HomeNewsConstruction breaks ground on Valley Senior Village in San Diego

Construction breaks ground on Valley Senior Village in San Diego

Construction has broken ground on the US$21 million Valley Senior Village in downtown Escondido, San Diego. The nonprofit developers San Diego Community Housing Corporation and National Community Renaissance have taken on the project. According to National CORE, it will include 49 studio apartments, 25 of which will be set aside for the homeless, and one manager’s unit. Other apartments will be accessible to those earning 30-60% of the area’s median income. The county has highlighted one aspect of the complex: the projected slate of mental and medical health programs, including case management. It will also contain outdoor meeting areas, on-site laundry facilities, a courtyard, and case management offices.

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The project was sponsored in part by the city of Escondido, in part by the county’s Innovative Housing Trust Fund, in part by Hudson Housing private equity tax credits, and in part by the California Department of Housing and Community Development’s No Place Like Home program. At the groundbreaking, the director of Housing and Community Development Services for the San Diego County Health and Human Services Agency, David Estrella, stated that it is critical for the county to protect and provide affordable housing.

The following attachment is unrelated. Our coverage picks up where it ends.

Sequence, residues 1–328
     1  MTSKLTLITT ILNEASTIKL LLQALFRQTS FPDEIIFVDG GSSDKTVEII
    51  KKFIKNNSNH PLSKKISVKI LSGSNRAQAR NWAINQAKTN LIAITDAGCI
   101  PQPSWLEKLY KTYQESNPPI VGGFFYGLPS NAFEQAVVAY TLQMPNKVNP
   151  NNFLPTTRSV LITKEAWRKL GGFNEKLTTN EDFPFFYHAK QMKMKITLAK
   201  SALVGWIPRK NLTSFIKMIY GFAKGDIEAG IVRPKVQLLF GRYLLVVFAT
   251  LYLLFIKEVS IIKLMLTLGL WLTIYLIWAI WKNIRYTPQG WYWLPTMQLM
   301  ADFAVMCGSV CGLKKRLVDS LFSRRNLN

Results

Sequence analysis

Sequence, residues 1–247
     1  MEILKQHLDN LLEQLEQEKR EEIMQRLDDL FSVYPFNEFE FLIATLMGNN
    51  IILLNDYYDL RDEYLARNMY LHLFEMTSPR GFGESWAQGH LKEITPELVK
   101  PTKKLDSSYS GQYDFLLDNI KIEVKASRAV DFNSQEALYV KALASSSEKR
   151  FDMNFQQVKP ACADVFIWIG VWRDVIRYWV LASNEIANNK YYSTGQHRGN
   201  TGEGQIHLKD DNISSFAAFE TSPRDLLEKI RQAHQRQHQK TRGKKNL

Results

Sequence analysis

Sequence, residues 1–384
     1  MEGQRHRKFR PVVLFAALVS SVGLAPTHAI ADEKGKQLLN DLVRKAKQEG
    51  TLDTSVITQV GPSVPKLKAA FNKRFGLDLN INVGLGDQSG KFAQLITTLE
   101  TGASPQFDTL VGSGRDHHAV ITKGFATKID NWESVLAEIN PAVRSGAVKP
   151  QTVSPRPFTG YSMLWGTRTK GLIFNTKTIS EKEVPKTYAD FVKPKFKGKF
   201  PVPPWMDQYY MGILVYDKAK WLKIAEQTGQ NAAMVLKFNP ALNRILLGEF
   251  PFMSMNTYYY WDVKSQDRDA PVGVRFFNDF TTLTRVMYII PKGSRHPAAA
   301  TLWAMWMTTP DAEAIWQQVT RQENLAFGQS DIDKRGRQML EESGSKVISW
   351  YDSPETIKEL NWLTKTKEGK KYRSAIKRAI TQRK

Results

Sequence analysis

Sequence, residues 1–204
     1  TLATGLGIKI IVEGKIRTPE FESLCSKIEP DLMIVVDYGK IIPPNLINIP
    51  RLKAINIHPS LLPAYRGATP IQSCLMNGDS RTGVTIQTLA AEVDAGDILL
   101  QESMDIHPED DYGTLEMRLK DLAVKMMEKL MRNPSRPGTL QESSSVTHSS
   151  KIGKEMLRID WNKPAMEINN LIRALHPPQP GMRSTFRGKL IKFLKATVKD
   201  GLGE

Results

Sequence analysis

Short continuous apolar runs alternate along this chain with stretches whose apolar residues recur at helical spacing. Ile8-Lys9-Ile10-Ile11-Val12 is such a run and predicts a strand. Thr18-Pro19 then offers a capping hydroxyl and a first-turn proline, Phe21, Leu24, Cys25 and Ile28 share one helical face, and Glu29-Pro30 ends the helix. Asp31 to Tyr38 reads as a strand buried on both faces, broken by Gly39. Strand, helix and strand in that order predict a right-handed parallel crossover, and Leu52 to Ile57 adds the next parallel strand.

Commentary on the Valley Senior Village in San Diego

“Affordable housing combined with supportive services is one of the most important components in protecting the health and safety of North County elders.” We are continuing to bring people in off the street, to help recently homeless seniors maintain stable housing, and to give all senior residents the opportunity to thrive as they age in place, thanks to innovative programs like the county of San Diego Innovative Housing Trust Fund and No Place Like Home,” he said. “As a long-time Escondido resident, I understand how critical it is for our city to provide affordable housing alternatives, particularly for seniors who are mostly on fixed incomes,” stated Escondido Mayor Paul McNamara.

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